Chiara Condi- Women Entrepreneurs #5

Chiara is an entrepreneur, women’s empowerment advocate expert, and speaker. After completing her bachelor in Romance Languages and History at Harvard University, she pursued a master’s in International Political Economy in The London School of Economics.

She is the president and the founder of Led by Her. Led by Her is an initiative that challenges gender-based violence from an innovative angle and encourages women’s entrepreneurship through the values of collaboration, mutual support, and community.

Chiara recently started a podcast “The Other Half: Conversations with Men on Gender Equality” and she is interviewing influential men of our world (CEOs, athletes, actors, etc.) who are making a the difference in their everyday lives at home and in the workplace to create a more equal world we can all be proud of. With every initiative that she starts, Chiara strives to improve women’s place in society.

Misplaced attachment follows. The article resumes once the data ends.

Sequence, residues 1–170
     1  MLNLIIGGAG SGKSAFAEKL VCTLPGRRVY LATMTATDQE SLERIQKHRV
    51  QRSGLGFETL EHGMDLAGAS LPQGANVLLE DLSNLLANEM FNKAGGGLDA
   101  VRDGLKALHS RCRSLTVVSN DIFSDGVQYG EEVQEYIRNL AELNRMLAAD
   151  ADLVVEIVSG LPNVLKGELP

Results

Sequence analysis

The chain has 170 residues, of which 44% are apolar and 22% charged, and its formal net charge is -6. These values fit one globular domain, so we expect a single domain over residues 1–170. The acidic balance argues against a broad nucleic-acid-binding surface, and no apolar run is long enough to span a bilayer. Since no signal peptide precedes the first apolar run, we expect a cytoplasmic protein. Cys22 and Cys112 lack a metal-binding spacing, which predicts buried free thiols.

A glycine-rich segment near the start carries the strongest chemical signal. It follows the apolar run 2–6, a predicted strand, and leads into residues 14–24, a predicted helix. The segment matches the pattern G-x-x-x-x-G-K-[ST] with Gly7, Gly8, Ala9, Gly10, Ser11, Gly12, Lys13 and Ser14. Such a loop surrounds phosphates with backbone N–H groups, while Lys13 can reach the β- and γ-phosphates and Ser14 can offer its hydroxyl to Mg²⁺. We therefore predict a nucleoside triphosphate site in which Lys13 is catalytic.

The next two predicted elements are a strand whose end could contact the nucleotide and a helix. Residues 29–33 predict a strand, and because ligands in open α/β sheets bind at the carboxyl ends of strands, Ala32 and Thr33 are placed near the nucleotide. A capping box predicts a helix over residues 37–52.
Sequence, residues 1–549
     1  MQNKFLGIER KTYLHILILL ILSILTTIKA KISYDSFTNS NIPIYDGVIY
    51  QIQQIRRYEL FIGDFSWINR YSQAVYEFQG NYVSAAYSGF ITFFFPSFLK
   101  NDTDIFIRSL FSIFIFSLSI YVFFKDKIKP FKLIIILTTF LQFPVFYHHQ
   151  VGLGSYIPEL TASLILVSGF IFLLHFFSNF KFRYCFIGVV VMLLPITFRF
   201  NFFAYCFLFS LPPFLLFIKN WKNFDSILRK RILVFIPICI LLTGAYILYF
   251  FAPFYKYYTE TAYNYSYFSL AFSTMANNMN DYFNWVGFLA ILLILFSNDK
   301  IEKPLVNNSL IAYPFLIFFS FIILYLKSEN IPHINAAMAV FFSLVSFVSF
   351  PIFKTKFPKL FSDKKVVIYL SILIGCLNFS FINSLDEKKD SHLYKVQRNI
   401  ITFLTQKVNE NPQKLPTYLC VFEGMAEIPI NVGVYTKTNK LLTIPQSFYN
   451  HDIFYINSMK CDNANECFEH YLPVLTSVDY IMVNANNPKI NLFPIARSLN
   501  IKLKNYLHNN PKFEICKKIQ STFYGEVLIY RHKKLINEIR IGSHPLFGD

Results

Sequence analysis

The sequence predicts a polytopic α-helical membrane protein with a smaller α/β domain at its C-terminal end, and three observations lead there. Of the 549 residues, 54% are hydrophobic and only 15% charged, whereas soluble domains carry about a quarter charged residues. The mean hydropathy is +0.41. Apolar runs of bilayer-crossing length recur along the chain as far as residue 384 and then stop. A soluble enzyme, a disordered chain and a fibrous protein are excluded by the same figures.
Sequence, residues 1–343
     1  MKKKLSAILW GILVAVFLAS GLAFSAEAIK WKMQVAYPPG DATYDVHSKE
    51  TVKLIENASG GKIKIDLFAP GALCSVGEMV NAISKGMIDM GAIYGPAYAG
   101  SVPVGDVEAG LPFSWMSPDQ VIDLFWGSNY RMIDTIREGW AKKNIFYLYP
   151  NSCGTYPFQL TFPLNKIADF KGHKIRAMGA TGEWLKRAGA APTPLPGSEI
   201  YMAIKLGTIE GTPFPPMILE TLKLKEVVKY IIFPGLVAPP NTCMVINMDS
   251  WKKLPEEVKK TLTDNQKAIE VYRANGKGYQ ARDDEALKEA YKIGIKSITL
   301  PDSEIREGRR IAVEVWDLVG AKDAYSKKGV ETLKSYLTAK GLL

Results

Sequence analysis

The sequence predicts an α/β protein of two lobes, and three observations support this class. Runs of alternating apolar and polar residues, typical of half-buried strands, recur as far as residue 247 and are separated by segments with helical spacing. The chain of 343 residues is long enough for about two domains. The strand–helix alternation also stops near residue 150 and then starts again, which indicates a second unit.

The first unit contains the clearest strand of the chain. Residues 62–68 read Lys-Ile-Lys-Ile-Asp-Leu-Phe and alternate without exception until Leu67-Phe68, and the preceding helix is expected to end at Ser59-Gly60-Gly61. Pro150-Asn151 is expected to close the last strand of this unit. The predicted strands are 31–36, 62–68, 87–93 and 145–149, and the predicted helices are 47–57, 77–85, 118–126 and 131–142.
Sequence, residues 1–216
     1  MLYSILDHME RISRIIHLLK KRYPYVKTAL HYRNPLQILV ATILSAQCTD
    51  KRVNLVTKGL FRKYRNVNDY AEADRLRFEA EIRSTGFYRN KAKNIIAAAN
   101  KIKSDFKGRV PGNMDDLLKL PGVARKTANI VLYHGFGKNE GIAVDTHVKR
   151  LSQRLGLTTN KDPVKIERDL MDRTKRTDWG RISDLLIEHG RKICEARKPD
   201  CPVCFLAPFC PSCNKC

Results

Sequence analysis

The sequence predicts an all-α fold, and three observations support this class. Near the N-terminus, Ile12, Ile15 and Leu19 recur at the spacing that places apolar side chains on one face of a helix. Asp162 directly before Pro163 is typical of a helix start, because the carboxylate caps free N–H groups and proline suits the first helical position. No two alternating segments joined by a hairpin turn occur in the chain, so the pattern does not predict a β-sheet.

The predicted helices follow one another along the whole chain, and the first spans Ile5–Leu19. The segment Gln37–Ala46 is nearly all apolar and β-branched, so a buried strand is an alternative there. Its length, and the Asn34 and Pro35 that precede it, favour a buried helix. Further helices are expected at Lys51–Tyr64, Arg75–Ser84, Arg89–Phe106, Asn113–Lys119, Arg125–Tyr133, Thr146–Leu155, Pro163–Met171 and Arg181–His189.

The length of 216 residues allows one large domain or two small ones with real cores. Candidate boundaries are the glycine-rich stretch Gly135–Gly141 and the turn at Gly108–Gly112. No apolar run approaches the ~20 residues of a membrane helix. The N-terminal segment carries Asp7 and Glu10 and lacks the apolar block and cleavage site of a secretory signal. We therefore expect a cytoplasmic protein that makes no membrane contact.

How did you start Led by Her? What motivated you to start it?

Upon my graduation from LSE, I worked for the European Bank for Reconstruction and Development (EBRD) for two years, specifically on the implementation of its Gender Action Plan. During my experience at EBRD, I learned how behind we were in terms of gender equality and realized the importance of advancing women in the workplace. It became very important to me, and it motivated me to do something very proactive to narrow this huge gap.

I wanted to create an initiative that recognized the power of women and helped them transform. Statistically, one-third of women are affected by violence, and this culture of violence negatively affects gender equality. If we empower women without fixing the culture around them, it will not work. This is why I started Led by Her to transform women from vulnerabilities to leadership. Led by Her recognizes the power of women and strives to change the environment around them.

Did you attend any entrepreneurial training?